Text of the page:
Essay on Allen Ginsberg Biography

Submitted By azscorpionmt
Words: 783
Pages: 4

Allen Ginsberg Biography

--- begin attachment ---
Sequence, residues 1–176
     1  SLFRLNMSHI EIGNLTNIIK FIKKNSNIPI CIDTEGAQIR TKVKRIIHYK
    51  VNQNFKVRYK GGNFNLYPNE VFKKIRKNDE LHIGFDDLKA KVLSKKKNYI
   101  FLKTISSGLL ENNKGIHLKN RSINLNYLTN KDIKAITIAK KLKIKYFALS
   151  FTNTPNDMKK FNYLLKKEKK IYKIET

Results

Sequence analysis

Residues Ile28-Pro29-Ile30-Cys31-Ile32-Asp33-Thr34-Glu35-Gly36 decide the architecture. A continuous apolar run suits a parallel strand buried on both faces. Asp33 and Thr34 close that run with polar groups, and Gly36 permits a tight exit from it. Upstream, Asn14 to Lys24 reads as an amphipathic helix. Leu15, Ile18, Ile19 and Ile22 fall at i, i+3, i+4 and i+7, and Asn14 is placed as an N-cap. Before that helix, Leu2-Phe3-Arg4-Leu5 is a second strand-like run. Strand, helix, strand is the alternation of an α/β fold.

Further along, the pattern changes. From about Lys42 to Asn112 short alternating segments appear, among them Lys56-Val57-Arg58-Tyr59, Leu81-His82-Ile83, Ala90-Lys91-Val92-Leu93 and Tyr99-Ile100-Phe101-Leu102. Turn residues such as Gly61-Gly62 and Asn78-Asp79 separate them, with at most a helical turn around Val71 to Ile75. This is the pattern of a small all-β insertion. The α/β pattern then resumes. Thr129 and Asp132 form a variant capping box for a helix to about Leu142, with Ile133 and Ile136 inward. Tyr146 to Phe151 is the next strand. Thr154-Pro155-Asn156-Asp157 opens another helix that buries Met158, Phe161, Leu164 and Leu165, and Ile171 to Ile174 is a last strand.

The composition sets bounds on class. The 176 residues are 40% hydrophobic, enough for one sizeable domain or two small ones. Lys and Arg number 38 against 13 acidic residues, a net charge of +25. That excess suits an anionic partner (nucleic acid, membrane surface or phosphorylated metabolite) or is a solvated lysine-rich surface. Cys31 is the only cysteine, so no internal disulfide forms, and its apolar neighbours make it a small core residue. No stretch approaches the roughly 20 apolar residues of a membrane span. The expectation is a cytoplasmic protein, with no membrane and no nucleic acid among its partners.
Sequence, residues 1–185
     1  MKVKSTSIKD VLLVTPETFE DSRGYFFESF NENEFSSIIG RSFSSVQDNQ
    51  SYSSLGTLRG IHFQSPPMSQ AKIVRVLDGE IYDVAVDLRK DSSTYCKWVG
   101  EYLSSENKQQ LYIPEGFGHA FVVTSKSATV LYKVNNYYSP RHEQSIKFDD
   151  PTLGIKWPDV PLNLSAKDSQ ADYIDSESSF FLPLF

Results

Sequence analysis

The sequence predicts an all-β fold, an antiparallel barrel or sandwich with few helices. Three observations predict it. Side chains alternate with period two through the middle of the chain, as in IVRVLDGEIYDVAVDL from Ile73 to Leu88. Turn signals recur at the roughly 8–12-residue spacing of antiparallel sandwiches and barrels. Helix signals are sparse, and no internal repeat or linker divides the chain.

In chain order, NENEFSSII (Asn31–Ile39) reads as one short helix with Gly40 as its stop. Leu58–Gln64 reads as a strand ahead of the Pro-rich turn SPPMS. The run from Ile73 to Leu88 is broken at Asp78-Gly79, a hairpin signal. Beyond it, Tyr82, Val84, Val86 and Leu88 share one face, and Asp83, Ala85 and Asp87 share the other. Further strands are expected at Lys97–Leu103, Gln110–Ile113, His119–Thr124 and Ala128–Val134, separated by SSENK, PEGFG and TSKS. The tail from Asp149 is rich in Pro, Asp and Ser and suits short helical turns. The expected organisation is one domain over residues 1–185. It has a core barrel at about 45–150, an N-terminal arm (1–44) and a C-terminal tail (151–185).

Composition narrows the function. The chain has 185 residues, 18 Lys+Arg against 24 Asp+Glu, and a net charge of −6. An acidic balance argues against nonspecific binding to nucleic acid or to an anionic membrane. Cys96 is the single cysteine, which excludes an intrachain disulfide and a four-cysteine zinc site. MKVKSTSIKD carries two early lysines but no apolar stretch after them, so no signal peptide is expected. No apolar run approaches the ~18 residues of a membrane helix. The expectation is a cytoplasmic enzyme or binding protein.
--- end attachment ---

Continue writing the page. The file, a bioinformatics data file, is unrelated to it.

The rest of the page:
Allen Ginsberg was born June 3, 1926 in Newark New Jersey but grew up in Paterson New Jersey. His mother and focus of some of his most famous poems, Naomi Ginsberg was an immigrant from Russia and his father Louis Ginsberg was a teacher and published poet himself. Childhood for Ginsberg was awkward and complicated while growing up entangled in troubles of his mother’s mental illness. She suffered from debilitating psychological problems that controlled the family’s life. All of which was heavily influential on Ginsberg as a boy. His mother later became instrumental as the key focus of “Kaddish” one of his most famous poems. Not only was he at the mercy of his mother’s disease at such a young age he also became increasingly aware of his own homosexuality as he reached puberty. The many stresses and struggles he endured as a child were the necessary evil that prepared him for the journey to becoming the gifted poet he became. Although introduced to poetry from his father as a child, in high school Ginsberg found Walt Whitman and very much admired his work. This would later help in Ginsberg’s decision to become a writer and poet. Fellow poet William Carlos Williams later became his mentor as a young man and befriended and guided him in his early career as a writer. Allen left home to attend Columbia University in hopes of becoming a labor lawyer like his father. Ginsberg knew he loved poetry and loved to write and started keeping journals in hopes of writing someday. His attendance at Columbia would be a life changing time for him but also the start of something much bigger than just Allen Ginsberg. While attending he met Lucien Carr and Jack Kerouac who were also students at Columbia and William Burroughs and Neal Cassidy who at the time were considered to be local “delinquent riff-raff” but would all later become leading figures in the Beat Movement. A bond was formed and this connection and life-long friendship would be a major part of the Beat Movement and developing counter culture of the 1950s and 1960s. Allen Ginsberg is considered one of the greatest minds and writers of his time and most influential within the Beat Generation of writers. In 1955 his talent was finally debuted in “Howl” at the center of what was becoming the Beat Movement. The stories and experiences in “Howl” were way too obscene for the country in the 1950’s when sodomy laws made engaging in homosexuality illegal. Obscenity’s charge were brought against “Howl” and the Publisher City Lights was taken to trial. “After a long trial in which poets, critics, and academics testified to the redeeming social value of Howl, it was ruled not obscene and City Lights was exonerated.” (Found SF) Howl and Ginsberg were later vindicated with these words from presiding Judge Horn, “Howl was not obscene, adding, "Would there be any freedom of press or speech if one must reduce his vocabulary to vapid innocuous euphemisms.” (Found SF) This outcome of this